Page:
On one of the mornings, I borught the girlfriend's Buddhist parents to Taipei's most well-known Chinese temple, 龙山寺.
According to some history I read, 万华 district is one of the earliest settlement area that Taipei developed from, which eventually lead to the concentration of Taiwan's first night market.
With the settlement comes the need of praying by the folks. The temple itself has a rather rich history as well, undergoing multiple renovations over the years, and is now in a pretty well maintained state with its own impressive mini-waterfall near the entrance.
I am always amazed by the amount of details put into the construction of these temples. All the religious figures that are so skillfully carved onto the rooftops, and that dragon and phoenix seem to be racing to the sky eh?
The temple had a good number of visitors despite being a drizzling weekday morning, most bringing their own offerings for the gods. As a free-thinker myself, I am honestly clueless with all the procedures and I wasn't sure if it was appropriate to take photos within, so I checked with the in-charge before snapping away.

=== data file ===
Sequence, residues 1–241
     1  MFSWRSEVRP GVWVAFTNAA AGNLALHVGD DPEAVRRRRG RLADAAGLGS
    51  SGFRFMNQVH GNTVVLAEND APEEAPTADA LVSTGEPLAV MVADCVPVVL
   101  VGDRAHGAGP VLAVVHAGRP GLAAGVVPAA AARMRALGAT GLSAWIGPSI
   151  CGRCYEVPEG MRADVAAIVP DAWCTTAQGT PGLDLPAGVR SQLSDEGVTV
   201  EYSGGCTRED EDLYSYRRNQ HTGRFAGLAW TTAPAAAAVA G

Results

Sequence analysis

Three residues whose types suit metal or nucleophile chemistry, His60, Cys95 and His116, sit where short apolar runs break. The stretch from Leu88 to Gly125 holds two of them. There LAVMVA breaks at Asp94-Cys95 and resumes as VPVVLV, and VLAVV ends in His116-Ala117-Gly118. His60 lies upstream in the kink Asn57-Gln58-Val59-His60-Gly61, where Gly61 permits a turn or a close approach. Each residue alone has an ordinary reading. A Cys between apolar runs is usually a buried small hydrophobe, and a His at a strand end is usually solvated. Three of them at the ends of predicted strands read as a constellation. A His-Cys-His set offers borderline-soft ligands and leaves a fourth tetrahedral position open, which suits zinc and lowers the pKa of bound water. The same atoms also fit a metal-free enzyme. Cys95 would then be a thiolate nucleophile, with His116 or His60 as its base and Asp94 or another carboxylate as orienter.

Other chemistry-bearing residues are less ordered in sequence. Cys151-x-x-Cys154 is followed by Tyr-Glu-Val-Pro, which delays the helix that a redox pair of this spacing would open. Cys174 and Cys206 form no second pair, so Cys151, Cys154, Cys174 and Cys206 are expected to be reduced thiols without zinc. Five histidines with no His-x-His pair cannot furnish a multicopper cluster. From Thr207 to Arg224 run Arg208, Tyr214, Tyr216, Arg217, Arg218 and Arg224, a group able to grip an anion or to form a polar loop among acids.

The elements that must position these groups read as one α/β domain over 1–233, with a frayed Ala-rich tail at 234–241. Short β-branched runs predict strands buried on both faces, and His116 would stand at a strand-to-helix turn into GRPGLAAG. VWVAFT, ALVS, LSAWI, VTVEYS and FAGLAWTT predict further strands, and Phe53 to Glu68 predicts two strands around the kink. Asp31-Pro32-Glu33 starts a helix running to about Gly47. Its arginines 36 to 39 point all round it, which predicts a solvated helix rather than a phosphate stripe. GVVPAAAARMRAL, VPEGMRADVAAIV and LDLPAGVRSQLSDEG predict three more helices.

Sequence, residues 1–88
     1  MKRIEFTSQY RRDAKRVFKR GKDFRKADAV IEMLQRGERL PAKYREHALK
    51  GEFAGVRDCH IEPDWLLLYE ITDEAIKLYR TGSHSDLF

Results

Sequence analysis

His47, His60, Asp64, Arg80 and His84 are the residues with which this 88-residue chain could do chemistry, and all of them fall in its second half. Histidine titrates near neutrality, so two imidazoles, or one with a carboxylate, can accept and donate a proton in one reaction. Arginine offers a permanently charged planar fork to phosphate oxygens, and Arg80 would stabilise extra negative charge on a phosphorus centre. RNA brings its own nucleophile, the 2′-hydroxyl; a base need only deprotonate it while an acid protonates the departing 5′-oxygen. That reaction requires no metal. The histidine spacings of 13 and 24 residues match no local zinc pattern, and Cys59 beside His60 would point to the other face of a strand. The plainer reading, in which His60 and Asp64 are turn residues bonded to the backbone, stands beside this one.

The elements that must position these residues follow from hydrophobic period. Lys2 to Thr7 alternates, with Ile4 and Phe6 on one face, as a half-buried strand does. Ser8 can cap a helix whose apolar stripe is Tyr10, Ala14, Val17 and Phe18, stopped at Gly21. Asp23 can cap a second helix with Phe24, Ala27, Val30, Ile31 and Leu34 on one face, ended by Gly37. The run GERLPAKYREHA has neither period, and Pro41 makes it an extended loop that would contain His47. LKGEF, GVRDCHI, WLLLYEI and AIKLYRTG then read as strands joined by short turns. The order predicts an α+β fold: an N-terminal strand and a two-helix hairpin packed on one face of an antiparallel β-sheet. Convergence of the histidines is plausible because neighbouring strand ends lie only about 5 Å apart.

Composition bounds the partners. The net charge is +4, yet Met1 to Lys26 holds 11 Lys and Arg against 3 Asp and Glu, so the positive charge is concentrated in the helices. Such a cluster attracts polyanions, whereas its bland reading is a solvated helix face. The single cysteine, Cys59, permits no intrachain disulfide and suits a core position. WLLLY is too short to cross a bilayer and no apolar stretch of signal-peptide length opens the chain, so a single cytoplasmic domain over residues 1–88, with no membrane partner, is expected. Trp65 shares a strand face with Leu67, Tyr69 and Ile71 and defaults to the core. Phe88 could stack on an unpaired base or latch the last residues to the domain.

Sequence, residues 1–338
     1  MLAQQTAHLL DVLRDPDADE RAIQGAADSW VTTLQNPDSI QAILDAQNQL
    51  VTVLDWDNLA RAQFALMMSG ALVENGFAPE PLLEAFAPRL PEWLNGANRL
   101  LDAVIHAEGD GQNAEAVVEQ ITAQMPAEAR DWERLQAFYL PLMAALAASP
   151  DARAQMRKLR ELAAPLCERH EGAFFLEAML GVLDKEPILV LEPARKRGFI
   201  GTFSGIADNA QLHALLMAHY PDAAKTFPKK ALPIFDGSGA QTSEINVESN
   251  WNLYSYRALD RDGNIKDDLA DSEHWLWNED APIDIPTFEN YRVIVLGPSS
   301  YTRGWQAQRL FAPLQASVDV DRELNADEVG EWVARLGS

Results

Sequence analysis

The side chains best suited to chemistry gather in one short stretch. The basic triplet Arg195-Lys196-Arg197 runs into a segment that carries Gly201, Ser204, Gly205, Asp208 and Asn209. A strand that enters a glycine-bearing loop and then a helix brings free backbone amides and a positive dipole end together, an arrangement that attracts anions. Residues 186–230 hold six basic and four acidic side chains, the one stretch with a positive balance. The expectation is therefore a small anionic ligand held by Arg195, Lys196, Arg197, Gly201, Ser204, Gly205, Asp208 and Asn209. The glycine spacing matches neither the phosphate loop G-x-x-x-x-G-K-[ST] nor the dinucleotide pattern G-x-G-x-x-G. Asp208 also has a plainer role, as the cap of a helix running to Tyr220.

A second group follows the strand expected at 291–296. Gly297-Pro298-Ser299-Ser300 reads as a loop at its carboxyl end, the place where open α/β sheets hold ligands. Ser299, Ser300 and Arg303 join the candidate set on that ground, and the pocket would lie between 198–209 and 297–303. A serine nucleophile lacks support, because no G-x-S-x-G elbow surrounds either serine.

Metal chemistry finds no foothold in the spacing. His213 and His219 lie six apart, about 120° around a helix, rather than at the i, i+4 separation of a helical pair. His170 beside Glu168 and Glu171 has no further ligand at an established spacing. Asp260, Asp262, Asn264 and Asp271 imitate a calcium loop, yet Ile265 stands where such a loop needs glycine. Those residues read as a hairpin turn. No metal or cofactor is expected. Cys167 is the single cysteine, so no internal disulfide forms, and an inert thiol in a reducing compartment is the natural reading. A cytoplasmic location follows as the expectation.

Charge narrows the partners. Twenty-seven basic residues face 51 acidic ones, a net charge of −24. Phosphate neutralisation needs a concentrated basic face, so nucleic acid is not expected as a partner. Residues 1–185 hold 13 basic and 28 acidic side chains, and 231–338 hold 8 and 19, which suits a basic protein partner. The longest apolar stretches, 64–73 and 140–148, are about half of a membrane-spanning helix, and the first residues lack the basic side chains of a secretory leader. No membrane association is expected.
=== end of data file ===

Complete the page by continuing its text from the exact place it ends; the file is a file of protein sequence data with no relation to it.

One interesting thing I noted was that although there is a main goddess (观音), there are plenty of back chambers hosting other gods, each erm, specialising in a certain field; health, academic etc. And guess which of these gods is a hot favourite?
Walking around for a good half hour, I really liked the mix of bustling and tranquility of this place, the systematic knocks of wooden equipments and soft whispers of prayers, and how everyone came with their own agenda and acknowledged each other with simple nods and smiles. Perhaps a little faith does bring you a long way?
Next up, exploring the oldest night market in Taiwan, 华西街夜市!
Directions: Take the MRT Blue line to 龙山寺 station, make a U-turn from Exit 1 and walk across the small park. It will be right opposite the road from the park. For more information on the temple, do visit their website.